No. Additionally, his free will might have been a programming error rather than an intentional design.

    - Are Roll, Mega Man, or any of them "Reploids"?
    No. Despite Zero calling Roll a "housekeeping Reploid" in Tatsunoko vs. Capcom, and despite that Rock, Roll, and by extension Bass are all technically based on Protoman's original designs, none of them were created with the same amount of free will that Protoman was – though, you certainly wouldn't notice, considering how spirited they can be in extended media and even during some of the games…

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    Replies
    1. this post seems to argue that "reploid"/"repliroid" stems from replicating human behavior and that type of robots overall, but pretty sure that there's a definition that can prove that wrong... maybe even in that X Guidebook released recently, you know, Maverick Hunter's guide.

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    2. Also a small, but important, detail to note, the design documents regarding the timeline for the original Rockman X ( https://www.rockman-corner.com/2018/02/mega-man-x1-internal-design-document.html?m=1 ) state that Zero was based on Protoman's design.

      (I understand that the images in the article I linked are broken, I just wanted to source it for its history)

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    3. @Josephine Lithius; Ahhhh, a nice breath of fresh air when you read something so correct. thankyou.

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    4. "- Is Zero a "Reploid"?
      No. There is no proof that he was based on X in any way, shape, or form."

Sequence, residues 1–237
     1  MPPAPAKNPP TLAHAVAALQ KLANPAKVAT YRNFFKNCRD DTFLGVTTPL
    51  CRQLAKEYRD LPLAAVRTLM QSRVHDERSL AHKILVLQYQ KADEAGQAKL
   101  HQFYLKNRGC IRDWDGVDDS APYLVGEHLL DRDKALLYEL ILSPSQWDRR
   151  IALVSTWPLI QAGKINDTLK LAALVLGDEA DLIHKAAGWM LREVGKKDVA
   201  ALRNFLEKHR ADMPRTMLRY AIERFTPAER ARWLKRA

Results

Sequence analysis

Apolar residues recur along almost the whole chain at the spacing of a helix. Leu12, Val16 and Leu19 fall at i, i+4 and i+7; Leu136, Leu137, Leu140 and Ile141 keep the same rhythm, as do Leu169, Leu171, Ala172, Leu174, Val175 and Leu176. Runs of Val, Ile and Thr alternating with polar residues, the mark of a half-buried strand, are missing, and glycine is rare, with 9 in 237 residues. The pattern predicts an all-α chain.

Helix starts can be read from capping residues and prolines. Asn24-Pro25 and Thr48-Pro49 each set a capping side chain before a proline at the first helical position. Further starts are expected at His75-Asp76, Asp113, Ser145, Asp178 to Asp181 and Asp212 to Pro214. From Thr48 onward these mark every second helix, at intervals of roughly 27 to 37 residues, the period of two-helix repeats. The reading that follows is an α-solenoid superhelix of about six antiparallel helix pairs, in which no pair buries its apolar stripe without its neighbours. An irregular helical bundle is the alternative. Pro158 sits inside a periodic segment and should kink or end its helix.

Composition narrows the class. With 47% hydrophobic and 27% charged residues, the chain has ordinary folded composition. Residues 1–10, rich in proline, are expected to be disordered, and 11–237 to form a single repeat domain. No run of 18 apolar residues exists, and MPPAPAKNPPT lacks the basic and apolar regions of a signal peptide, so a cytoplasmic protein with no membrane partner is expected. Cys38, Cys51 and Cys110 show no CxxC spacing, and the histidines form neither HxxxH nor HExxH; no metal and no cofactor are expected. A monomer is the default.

To add to this point: if the arcade games (Power Battle/Power Fighters) are considered canon (I'm not sure if they are or not), Bass's ending shows that Wily was already working on Zero at this time and that he was designed to destroy Megaman, not X.

      It's possible that Wily didn't even know of X's existence (or maybe he did; I don't think there's any evidence one way or the other?). He may have even started working on Zero before Light worked on X... or perhaps both were being worked on at the same time. Who knows, there's still a lot of gaps of knowledge between the Classic and X eras.

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    5. Didn't Wily use stolen plans for X to design Zero's Buster?
      Or is that non-canon?

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    6. -"Android Replica of humans" is the only definition given in the entirely of the franchise, and is inclusive.
      Cain’s first Reploid being a "Replica of X" was known to little more than a handful of individuals at the time of X1. Widespread adoption of an exclusive definition would thereby be impossible until Cain publicly releases the truth.